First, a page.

NAGANO, Japan — They have a lot of gadgets in this country, but I wish they’d invent one that instantly replays the things that were said six or seven months ago. That way, when Sergei Fedorov is offered an insanely rich contract to play for a team other than the Red Wings, I could hit a button and hear these quotes:
Fedorov: “I don’t think I will ever leave Detroit, do you? …I never ask for that…. I want to stay here forever….”
Mike Ilitch: “Sergei’s not going anywhere. Are you kidding? If I let Sergei go, they’d run me out of town.”
Actual quotes. They seem funny now, in light of Fedorov’s $38-million offer sheet from the Carolina Hurricanes, which the Red Wings must match by Wednesday to keep him. Sergei has said he doesn’t want to play for Detroit anymore, so he has already contradicted last year’s statements.
And if Ilitch refuses to hand Sergei a ridiculous $14-million bonus check — or perhaps even $26 million, depending on the incentives earned — then he will have contradicted himself as well.
So what does this prove? That sports are hypocritical? Well, sure, but hypocrisy burns on a lot of levels. So those of you who are now saying, “The heck with Fedorov, let him go,” might also want to say it into a tape recorder. That way, in a few months, if the Wings are knocked out of the playoffs by a lack of scoring or puck movement, you’ll think twice before groaning, “Man, if we only had Sergei . . .”
Let’s face it, folks. What we have here is a good old-fashioned squeeze play. Sergei has been trying to squeeze the Wings for a big-money contract that takes him only to unrestricted free agency. The Wings have been trying to squeeze Sergei for less money and either a shorter or longer deal. Now Carolina wants to squeeze Detroit into a corner, where the only options of escape are:
1. Pay a ton of money to Fedorov right now.
2. Make a trade for Carolina players they don’t really want.
3. Let him go for draft picks.
That groaning you hear is the Red Wings’ front office.
Carolina’s ugly gambit
But while the Wings’ brass checks its bank balance, fans should examine their anger. If it’s the money athletes make that bothers you — and that’s funny, because few people complain about Brendan Shanahan’s or Steve Yzerman’s money, even though, if you took 40 hungry families and gave them $100,000 apiece, you still wouldn’t equal their one-year salaries — then remember, these latest dollar signs come from an owner, not a player.
It is Carolina, not Fedorov, who put the $38 million on the table and dared the Wings to match it. And it’s some dare. The way Carolina has the offer constructed, a match means Ilitch has to write a check for almost half the value of the deal right now. And he has to hand it to a guy who didn’t even bother to play for the Wings the first 58 games of the year.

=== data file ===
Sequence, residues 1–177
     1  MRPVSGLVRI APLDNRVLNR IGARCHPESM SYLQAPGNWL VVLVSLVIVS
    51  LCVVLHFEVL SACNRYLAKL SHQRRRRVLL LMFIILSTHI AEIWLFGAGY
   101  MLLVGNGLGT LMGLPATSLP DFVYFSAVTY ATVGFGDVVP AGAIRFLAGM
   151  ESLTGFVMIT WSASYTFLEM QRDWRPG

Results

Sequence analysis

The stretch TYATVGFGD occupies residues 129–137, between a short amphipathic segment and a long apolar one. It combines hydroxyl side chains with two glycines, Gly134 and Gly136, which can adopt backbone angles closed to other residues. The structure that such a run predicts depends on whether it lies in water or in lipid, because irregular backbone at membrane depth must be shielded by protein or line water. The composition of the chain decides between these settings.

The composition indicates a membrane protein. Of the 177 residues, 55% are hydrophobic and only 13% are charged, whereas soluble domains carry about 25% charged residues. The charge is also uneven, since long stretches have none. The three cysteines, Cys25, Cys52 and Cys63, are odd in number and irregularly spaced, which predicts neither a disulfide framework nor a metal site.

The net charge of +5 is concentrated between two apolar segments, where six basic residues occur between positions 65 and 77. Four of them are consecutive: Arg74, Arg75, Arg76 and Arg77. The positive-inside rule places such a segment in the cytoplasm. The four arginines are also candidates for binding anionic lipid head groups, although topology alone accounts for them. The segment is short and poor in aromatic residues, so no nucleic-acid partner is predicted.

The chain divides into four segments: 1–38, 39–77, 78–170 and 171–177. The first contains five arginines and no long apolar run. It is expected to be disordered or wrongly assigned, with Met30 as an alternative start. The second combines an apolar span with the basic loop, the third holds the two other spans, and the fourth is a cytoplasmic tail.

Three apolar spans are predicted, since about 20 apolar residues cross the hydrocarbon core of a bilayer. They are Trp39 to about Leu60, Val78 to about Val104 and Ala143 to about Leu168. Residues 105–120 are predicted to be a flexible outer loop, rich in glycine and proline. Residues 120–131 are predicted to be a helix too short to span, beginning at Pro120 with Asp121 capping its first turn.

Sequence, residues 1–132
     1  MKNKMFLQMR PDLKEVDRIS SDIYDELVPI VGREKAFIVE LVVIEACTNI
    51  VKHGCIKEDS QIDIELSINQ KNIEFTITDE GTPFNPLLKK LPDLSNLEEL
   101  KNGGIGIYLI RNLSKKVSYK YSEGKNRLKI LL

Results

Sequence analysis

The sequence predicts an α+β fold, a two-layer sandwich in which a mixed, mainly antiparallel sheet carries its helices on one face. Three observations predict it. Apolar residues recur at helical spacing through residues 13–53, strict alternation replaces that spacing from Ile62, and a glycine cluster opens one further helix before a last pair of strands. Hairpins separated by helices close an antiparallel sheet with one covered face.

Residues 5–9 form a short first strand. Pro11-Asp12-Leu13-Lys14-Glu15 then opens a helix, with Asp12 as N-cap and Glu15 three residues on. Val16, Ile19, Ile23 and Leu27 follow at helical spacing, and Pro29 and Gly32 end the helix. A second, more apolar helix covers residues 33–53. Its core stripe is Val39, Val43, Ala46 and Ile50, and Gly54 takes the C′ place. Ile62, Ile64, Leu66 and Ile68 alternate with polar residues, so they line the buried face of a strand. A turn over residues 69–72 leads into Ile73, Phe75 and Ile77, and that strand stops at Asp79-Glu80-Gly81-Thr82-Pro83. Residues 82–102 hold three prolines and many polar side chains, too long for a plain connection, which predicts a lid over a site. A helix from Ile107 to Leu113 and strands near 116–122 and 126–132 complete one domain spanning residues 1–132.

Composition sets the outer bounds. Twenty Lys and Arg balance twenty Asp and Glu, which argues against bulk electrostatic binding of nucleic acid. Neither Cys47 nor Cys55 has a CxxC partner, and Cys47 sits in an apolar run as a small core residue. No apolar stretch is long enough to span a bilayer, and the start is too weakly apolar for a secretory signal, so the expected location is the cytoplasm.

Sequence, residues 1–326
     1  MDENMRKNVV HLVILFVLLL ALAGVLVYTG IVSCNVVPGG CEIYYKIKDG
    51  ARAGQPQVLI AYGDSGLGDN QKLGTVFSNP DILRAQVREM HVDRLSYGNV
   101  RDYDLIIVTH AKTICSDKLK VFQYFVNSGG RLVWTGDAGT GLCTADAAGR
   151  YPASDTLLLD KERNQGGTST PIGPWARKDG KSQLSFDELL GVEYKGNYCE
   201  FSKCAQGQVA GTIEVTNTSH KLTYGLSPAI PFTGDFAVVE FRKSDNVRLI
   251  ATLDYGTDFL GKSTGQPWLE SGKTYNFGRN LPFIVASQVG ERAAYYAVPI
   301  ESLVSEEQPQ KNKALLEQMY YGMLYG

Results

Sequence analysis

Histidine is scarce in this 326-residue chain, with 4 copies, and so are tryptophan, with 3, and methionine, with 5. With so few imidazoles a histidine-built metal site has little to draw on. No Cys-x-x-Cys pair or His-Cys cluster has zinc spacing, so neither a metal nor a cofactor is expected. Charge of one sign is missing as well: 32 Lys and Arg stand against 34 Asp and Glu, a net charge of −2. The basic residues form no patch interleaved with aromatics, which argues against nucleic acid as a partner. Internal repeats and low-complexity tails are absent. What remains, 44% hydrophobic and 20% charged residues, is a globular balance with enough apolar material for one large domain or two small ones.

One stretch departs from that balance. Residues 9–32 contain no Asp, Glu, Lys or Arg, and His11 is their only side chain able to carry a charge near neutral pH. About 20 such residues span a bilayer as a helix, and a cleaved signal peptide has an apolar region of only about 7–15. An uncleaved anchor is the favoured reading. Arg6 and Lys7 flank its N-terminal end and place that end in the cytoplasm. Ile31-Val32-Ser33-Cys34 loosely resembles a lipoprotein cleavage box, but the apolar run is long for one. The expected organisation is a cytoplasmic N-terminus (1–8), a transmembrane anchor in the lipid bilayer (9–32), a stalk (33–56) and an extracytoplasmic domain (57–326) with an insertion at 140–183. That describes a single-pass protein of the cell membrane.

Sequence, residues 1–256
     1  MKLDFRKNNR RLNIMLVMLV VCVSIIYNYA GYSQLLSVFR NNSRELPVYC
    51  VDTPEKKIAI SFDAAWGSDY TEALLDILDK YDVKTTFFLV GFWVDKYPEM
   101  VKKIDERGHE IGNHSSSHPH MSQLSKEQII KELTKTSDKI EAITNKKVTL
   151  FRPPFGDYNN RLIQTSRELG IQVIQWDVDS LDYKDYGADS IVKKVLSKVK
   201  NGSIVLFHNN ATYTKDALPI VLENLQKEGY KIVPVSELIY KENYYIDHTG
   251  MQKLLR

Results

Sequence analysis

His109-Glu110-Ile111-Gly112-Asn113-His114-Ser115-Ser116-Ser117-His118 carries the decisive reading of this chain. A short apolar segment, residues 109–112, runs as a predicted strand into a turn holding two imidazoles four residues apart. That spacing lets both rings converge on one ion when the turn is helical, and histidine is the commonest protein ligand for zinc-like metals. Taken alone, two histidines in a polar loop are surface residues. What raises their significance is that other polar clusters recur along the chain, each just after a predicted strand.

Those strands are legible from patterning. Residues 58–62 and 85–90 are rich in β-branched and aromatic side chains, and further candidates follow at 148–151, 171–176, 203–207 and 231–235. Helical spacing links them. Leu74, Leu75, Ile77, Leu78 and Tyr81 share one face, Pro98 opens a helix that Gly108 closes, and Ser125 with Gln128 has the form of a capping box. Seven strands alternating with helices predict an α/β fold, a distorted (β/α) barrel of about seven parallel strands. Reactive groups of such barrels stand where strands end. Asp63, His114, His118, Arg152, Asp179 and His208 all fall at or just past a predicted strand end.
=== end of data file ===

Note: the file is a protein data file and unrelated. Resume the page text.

Distasteful? You bet. That’s what Carolina is counting on.
“It’s not the money,” says Jim Rutherford, the Hurricanes’ general manager and a former Wings goalie. “If the Wings want to keep Sergei, they can come up with the money.
“But do they want to give it to a guy who has said repeatedly he doesn’t want to be there? That’s what we’re looking for.”
(By the way, if you think this is a big money game of chicken between Michigan rivals Peter Karmanos, owner of Compuware and the Hurricanes, and Ilitch, owner of the Wings, well, you may be right. But Rutherford is quick to point out, “If that stuff really mattered, Detroit never would have gotten Brendan Shanahan from us.”)
Anyhow, if you’re like me, you wonder why anyone would give Sergei that much money — especially up front.
This is a guy whose biggest Achilles heel has been his work ethic, particularly in games that are not crucial. If he gets $14 million the moment he laces up his skates, where is the incentive for the years to come?
But that’s the way pro sports are played. Sergei, who hasn’t drawn a paycheck all year, was one happy cowboy Thursday.
“I am excited to be getting back into the NHL,” he said.
Yes. But with whom?
Want a Cup? Pay up
For my money — and it’s not my money, which is an important distinction — I bite the bullet and match the deal. Is it a ridiculous sum? Of course. But so are many hockey salaries now. Is Sergei a pain in the butt and at times egotistical? Yes. Is he unpopular in parts of the Wings locker room? Yes.
But if Stanley Cups were won by popularity and good character, team captain Yzerman would have 10 of them by now, not one.
Which is why even Yzerman said, “If he comes back and plays hard, nobody will have a problem with him.” That takes a lot for the captain to admit, because he privately doesn’t care for Fedorov or his prima donna ways.
But the captain knows talent, and he knows that it was Sergei, only 28, who led the team in playoff scoring last year. And if the Wings, already missing injured defenseman Vladimir Konstantinov and goalie Mike Vernon, want to hoist a Stanley Cup this year, they’ll do it by having more talent than the other guys, not more draft picks, and not more Carolina Hurricanes.
It’s funny. When I asked Rutherford whether he really thought Fedorov was worth the money — especially for a franchise that can’t draw anybody — he said, “When the Wings play here, we have big crowds. And 90 percent of the fans are wearing ‘Fedorov’ jerseys.”
Hmm. What do they know that we don’t?
Or should we come back in six months and see what they’re wearing then?
To leave a message for Mitch Albom, call 1-313-223-4581.